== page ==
Pirate utopias were defined by anarchist writer Peter Lamborn Wilson, who coined the term in his 1995 book Pirate Utopias: Moorish Corsairs & European Renegadoes as secret islands once used for supply purposes by pirates. Wilson's concept is largely based on speculation, although he admits to adding a bit of fantasy to the idea. In Wilson's view, these pirate enclaves were early forms of autonomous proto-anarchist societies in that they operated beyond the reach of governments and embraced unrestricted freedom.
On the Barbary Coast
Located on the Barbary Coast (Salé, Algiers and Tunis), these bases were havens for renegade Muslim pirates from the 16th to the 18th century. The pirates, dubbed "Barbary Corsairs", ravaged European shipping operations and enslaved many thousands of captives. Wilson focuses on the Pirate Republic of Salé, in 17th century Morocco, which may have had its own lingua franca. Like some other pirate states, it even used to pass treaties from time to time with some European countries, agreeing not to attack their fleets. Wilson/Bey's idea of Temporary Autonomous Zones developed from his historical review of pirate utopias. In describing them, Wilson has said:
We've certainly had to use our imagination more than a "real" historian would allow, erecting a lot of suppositions on a shaky framework of generalizations, and adding a touch of fantasy (and what piratologist has ever been able to resist fantasy?). I can only say that I've satisfied my own curiosity at least to this extent: That something like a Renegado culture could have existed; that all the ingredients for it were present, and contiguous, and synchronic.
Connection to Islam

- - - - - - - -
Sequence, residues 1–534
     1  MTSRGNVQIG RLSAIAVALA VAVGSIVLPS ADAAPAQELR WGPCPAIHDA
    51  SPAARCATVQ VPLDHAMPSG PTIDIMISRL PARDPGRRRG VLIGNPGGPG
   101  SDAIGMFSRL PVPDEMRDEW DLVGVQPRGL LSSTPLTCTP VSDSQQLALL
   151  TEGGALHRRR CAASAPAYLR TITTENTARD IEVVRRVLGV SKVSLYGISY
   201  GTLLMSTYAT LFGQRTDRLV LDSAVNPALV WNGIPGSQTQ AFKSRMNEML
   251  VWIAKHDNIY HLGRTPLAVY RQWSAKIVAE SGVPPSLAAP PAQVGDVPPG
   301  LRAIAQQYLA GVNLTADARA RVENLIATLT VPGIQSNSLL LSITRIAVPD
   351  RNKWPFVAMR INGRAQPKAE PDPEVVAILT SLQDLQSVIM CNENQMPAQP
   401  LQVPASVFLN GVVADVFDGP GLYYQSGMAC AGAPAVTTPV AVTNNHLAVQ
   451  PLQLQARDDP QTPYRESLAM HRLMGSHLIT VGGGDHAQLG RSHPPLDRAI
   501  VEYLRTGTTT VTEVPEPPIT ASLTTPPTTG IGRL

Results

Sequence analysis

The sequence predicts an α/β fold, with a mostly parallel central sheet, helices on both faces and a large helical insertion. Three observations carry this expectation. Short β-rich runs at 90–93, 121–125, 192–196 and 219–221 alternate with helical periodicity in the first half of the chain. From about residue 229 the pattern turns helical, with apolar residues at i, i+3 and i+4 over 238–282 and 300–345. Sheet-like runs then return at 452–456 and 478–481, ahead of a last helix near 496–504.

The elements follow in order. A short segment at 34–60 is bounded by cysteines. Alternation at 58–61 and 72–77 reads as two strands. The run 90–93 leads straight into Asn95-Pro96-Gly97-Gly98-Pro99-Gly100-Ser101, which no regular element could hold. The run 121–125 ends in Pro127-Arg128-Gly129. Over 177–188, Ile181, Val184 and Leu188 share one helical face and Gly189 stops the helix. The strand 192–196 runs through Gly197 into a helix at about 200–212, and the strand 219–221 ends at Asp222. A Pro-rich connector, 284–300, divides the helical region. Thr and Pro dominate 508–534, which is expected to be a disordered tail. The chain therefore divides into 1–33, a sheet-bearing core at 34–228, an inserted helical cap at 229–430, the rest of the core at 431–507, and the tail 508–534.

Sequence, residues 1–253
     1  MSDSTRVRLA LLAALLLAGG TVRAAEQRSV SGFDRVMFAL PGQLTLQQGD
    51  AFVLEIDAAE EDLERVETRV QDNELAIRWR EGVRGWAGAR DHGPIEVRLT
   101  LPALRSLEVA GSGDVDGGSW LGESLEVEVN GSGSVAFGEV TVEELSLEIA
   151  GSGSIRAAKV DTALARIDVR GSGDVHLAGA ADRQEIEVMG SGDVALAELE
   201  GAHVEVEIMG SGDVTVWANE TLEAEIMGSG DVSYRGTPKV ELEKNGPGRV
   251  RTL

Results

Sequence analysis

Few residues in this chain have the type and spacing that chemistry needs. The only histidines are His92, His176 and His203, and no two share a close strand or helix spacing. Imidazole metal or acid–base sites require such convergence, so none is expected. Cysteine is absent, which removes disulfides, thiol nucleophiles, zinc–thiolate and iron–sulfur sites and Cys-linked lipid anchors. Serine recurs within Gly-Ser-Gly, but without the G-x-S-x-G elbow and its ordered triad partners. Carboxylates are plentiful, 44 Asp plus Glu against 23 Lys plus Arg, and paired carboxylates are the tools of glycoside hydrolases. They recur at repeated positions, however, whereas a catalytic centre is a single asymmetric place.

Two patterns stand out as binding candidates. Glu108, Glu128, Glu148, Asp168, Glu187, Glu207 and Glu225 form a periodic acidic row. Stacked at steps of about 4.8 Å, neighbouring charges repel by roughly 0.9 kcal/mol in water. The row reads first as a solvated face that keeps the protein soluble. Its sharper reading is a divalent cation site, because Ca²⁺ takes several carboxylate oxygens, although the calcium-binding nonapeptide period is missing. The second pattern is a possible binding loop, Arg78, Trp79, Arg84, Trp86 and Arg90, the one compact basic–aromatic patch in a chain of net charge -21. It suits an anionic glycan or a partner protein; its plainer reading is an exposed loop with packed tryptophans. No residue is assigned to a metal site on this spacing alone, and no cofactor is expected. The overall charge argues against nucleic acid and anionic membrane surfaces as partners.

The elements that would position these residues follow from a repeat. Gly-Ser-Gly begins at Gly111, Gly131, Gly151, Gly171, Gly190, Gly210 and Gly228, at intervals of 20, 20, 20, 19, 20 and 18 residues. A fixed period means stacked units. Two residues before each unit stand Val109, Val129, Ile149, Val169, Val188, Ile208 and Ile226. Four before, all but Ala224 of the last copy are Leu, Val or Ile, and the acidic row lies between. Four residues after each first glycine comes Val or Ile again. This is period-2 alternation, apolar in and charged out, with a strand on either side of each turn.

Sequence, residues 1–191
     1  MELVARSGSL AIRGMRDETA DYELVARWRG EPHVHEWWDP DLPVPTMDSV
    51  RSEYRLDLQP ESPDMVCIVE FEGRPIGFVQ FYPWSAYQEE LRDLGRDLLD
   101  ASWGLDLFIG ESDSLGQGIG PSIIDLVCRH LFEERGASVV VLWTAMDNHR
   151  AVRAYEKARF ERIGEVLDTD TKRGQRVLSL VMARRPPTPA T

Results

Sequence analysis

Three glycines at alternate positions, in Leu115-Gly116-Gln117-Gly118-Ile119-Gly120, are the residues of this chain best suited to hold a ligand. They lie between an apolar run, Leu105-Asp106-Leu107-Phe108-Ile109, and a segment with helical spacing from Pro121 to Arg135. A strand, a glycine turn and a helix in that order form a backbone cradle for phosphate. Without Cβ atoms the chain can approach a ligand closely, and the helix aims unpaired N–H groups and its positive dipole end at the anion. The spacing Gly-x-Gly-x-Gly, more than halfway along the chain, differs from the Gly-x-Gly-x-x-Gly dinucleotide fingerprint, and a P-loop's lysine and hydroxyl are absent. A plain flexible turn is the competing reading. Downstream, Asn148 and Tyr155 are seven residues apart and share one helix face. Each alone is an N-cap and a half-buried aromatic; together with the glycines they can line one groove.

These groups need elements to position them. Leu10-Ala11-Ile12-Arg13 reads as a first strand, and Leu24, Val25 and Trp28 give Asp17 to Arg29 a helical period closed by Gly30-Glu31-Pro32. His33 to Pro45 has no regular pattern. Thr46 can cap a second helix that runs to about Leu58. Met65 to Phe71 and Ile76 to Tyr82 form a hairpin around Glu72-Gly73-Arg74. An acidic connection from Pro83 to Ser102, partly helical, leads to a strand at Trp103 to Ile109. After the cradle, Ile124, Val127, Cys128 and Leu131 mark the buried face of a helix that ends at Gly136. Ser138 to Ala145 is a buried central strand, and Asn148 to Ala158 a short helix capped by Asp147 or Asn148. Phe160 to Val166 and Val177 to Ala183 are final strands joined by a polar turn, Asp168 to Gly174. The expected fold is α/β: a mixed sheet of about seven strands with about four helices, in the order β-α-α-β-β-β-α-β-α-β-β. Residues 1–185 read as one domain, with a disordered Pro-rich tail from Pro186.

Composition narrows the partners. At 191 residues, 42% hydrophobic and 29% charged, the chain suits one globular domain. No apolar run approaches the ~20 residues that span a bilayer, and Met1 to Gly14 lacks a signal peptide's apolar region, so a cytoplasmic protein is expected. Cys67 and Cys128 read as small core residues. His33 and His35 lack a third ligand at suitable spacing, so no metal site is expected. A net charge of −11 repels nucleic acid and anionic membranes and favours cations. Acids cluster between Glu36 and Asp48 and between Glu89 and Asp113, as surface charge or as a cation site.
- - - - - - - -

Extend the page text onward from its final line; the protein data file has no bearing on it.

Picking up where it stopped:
Wilson writes about the large influx of Europeans converting to Islam, forming the "Renegados" and joining the pirate holy war. He then takes an interesting approach regarding 17th century Europeans and their opposition to Islam. He asks if Europeans were opposed to Islam or if Islam had a "positive shadow" that made it so attractive for pirates? Was there something that was intriguing to a pirate about Islam, or was there a change in belief that many Europeans experienced? Wilson goes on to write that these men and women were not only apostates and traitors, as they were considered in their homelands, but their voluntary betrayal of Christendom can also be thought of as a praxis of social resistance.
Libertatia (also known as Libertalia) was a possibly fictional anarchist colony founded in the late 17th century in Madagascar by pirates under the leadership of Captain James Misson. Whether or not Libertatia actually existed is disputed. It is described in the book A General History of the Pyrates by Captain Charles Johnson, an otherwise unknown individual who may have been a pseudonym of Daniel Defoe. Much of the book is a mixture of fact and fiction, and it is possible the account of Libertatia is entirely fabricated.
According to Johnson's description, Libertatia lasted for about 25 years. The precise location is not known, however, most sources say it stretched from the Bay of Antongil to Mananjary, including Île Sainte Marie and Foulpointe. Thomas Tew, Misson, and an Italian Dominican priest named Caraccioli were involved in founding it.
In literature and popular culture
Libertalia is also a central plot element and setting in the video game Uncharted 4: A Thief's End. However, in this interpretation, Libertalia was founded by the pirate Henry Avery and others including Tew, Anne Bonny and Edward England.
The 2015 video game Fallout 4 features an area in the game called Libertalia. The area is a series of off-shore platforms (made of various debris) that has become home to a large gang of raiders.
British Author Warren Ellis writes in Bruce Sterling's book Pirate Utopia about Libertalia and the objections against its existence.
- Hakim Bey, TAZ - The Temporary Autonomous Zone, Ontological Anarchy, Poetic Terrorism ISBN 1-57027-151-8 (Autonomedia, 2003)
- Peter Ludlow, Crypto Anarchy, Cyberstates, and Pirate Utopias ISBN 0-262-12238-3 (2001)